5 Fast Rules For Debt-Free Living



5 Fast Rules for Debt-Free Living

1. Don’t spend more money than you earn. The key is sticking to it!  Set a budget and don’t veer off. Don’t use credit cards, but instead patiently save and pay cash for extras that you want. Also create a minimum $1,000 emergency fund to avoid the use of credit cards and borrowing money. 

2. Save 10% of your paycheck no matter what. Save at least 10% from every paycheck and put it away. Building your nest egg will free you from borrowing from other people and financial institutions when a crisis occurs — and one will!  Consistently saving your money will allow you to take care of what is necessary when needed, which is a big stress reliever. A strong savings account will allow you choices; like helping others who are in need, taking nice vacations, saving for the future, and enjoying the fruits of your labor in many other enjoyable ways.

3. Never lease or buy a brand new car.  This one rule will save you more money than you can  imagine.  Money you can use to pay other debt with, plan for retirement, or apply to your mortgage, etc. Purchasing a new vehicle, or leasing one, is like throwing cash out the window. And many people pay their car loans off then turn around and buy a new one and start all over again. The initial owner of a brand new car takes the biggest financial loss the moment they drive it off the car lot. You don’t want to be that owner! If you are not careful, consecutive vehicle loans will become a lifelong obligation and hinder your financial freedom.  Consider a nice, used vehicle in good condition, with low miles that you can afford to pay cash for. Then maintain it on schedule and as needed and drive it for as long as possible.  Maintenance and repairs will generally cost less per year than 12-monthly car installment payments do over a five year loan term.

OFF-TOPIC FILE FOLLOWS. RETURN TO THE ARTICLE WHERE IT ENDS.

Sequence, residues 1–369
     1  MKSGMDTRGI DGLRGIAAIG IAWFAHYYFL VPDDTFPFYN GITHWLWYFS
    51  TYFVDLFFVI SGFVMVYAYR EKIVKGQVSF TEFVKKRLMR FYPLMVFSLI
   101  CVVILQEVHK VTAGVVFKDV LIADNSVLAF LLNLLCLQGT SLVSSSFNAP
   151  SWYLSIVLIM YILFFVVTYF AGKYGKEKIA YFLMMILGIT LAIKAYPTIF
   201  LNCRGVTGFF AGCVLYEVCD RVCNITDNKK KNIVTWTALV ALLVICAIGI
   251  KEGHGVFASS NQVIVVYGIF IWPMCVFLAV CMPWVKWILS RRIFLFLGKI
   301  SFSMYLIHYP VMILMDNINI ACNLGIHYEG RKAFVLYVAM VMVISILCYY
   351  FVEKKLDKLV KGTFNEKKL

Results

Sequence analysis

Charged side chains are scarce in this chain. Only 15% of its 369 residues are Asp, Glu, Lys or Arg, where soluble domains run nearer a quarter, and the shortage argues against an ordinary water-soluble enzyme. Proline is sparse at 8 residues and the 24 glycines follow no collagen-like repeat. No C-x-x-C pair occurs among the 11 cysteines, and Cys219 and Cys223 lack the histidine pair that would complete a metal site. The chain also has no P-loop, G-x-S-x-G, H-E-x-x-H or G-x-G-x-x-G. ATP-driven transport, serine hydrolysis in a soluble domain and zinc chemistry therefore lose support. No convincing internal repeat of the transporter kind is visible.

4. Pay cash for your education. Pursuing a college degree often means carrying long-term debt, sometimes for up to 20 years after graduation. Paying for classes as you take them may extend the length of time it takes to get your education, but you will also graduate debt-free and avoid paying a large portion of your new earnings back to the bank. 

5. Pay cash for your home. This may seem impossible, but it can be done. In fact, I know several singles and couples who have lived frugally to save cash and buy their first house. Some lived with their parents and socked money away until they had enough to pay for their first home.  There are many creative ways to earn and save enough money to pay for your first home in full. 

I hope these 5 rules encourage you to begin taking steps toward living your life debt-free. They may seem extreme, and yes they will challenge you, but with patience and willpower they are attainable.

For more great tips on living a financially free life, read “The Total Money Makeover” written by Dave Ramsey. His book will guide you on how to begin paying off bills fast, save like never before, and invest in very simple and smart ways for your future. 




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